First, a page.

BTW, I am sorry to say this but I'm not at all sure peace in N.Ireland is a given: if the Irish 'recovery' is an illusion there are some nasty tendencies still simmering away

Ryan said...

I would put Atlee probably top since he achieved so much radical change in so little time. A lot went wrong, but largely because he entrusted key issues to people like Bevan who then got them wrong.

Thatcher is a close second. Also achieved radical change but got some things wrong on her own account.

Churchill, just because he never really put a foot wrong post-war, even if his premiership was dull, then Macmillan for the same reason.

Then frankly the rest don't really deserve to be in the same list. They were all pretty bad!

I have always felt that Major was hard done by. Strangely he had much the same challenges as Blair but handled all of them better, despite having a tiny majority chipped away at by the MSM. However, I can't forgive him for signing Maastricht. It was a terrible mistake and there was no need for him to do it. He could have said: "Sorry not signing this. Prove to us you can pull of this US of Europe concept and maybe we'll submit later".

Sunny Jim Callaghan was a nice guy but he let bat-shit crazy Healey run the economy and the economy was the big story at the time. Healey really was barmy. I remember him on the TV and you would think "That guy is completely mad".

Blair was really abysmal. Personally corrupt to a level that has tarnished British politics so severely that government and democracy has lost much of its moral authority. That's before you get into the detail of policy.

Brown was the author of his own misfortune and thoroughly deserves to be at the bottom. I agree it makes a good Shakespearean tragedy, but I see it in terms of a man consumed by his own raw ambition buying votes with taxpayers money to keep Labour in power long enough so that he could have his chance at being PM and then having his plans all come undone as soon as he came to office by the damage he did to the economy. His hands were so tied by the economic mess he created he could do nothing to improve his legacy.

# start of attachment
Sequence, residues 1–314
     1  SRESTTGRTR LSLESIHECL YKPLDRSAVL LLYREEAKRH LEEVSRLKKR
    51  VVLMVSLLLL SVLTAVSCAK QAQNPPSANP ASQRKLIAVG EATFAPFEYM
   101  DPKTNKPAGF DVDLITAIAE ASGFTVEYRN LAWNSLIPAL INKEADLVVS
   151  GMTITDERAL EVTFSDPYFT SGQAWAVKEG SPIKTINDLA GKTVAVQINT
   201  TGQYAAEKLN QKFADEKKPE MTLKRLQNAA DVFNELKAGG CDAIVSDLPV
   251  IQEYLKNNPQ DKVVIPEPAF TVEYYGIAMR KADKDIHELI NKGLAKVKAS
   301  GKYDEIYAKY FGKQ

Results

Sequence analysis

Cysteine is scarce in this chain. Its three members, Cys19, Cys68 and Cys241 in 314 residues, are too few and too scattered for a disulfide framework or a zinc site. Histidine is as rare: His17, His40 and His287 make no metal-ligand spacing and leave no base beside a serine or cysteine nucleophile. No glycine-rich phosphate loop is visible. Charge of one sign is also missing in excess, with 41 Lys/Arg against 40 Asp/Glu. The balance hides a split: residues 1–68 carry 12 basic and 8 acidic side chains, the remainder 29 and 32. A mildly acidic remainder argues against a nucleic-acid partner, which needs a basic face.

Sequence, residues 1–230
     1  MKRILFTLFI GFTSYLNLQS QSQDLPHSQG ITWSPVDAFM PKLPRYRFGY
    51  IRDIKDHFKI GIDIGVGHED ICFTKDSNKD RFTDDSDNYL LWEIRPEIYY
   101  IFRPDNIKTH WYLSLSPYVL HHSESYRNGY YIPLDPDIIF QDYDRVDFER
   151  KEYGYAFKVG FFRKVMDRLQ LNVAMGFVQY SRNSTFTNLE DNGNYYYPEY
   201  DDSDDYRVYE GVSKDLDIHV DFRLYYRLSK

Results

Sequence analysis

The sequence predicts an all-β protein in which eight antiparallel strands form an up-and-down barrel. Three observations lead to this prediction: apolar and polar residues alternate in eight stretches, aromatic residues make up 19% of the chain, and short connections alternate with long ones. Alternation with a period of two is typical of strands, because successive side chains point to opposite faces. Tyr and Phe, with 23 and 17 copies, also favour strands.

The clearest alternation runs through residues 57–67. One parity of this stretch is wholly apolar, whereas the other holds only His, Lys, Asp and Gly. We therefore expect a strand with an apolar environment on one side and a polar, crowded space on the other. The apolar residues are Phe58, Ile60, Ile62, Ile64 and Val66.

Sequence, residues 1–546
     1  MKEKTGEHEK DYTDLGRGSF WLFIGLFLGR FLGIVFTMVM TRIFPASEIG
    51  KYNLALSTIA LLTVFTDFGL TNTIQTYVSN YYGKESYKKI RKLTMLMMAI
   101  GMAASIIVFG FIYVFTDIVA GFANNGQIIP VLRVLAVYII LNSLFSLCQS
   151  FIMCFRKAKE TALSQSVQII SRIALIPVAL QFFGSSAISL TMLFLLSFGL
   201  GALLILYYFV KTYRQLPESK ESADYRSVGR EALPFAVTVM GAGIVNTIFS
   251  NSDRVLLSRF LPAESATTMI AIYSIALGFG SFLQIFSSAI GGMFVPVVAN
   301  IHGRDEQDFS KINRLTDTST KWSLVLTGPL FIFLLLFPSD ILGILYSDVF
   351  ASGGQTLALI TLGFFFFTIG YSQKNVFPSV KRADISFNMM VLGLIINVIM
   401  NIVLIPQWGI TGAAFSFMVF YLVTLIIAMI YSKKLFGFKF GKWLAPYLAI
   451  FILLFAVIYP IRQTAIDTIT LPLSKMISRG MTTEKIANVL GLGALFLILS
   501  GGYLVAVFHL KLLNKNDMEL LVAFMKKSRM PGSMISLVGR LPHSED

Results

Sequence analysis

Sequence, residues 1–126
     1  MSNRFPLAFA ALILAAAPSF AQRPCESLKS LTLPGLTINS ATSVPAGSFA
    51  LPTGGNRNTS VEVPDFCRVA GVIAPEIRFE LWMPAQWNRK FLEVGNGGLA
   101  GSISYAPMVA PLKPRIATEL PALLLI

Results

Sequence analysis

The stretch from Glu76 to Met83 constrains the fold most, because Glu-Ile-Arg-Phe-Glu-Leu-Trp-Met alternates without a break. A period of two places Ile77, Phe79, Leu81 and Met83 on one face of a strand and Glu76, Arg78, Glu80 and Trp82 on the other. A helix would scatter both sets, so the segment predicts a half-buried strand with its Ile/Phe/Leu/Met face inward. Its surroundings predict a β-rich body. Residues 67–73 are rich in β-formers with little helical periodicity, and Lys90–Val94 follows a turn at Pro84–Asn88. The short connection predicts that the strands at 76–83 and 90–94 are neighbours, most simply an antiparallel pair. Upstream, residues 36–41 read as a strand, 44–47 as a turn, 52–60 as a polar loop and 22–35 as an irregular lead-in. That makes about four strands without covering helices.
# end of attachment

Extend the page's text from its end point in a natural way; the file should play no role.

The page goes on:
andrew said...

Blair scores well because he won elections.

Once you start thinking about his achievements, it all starts to go wrong.

I would not go as far as personally corrupt, I doubt he will ever be caught in a straight lie.

But he clearly did not tell the truth.
When decisions were made that meant this nations hands are covered in the blood of 10s of thousands of innocent Iraqis, a couple of hundred of our own, and cost many billions for a cause that is not in our direct national interest, we deserved to be treated like adults and told the truth, not manipulated.
Who knows, as a nation we might have agreed with him, but he did not trust us then and now we will never know.

DJK said...

Blair is the politician's politician --- that's why he was so high in the poll. His achievement in the eyes of the lawmakers was winning three big majorities.

As for the NI peace talks, we learn today that they were going on under Thatcher, at the time of the Brighton Bomb. Remember too that John Major said it would turn his stomach to talk to the IRA, only to have to admit shortly after that that was what his government was doing. Blair just happened to be there when the war petered out and the talking could really start.

Demetrius said...

I posted once in praise of Douglas-Home whose time was too short to judge, took over a shambles and got close to winning in 1964 coming from way behind. Forget the vicious BBC and left wing media treatment he was a tough and sharp cookie. He would not have made the blunders that Wilson did. With luck and more time he could have been comparable to his ancestor the 2nd Earl Grey.

Ossian said...

Thatcher or Merkel?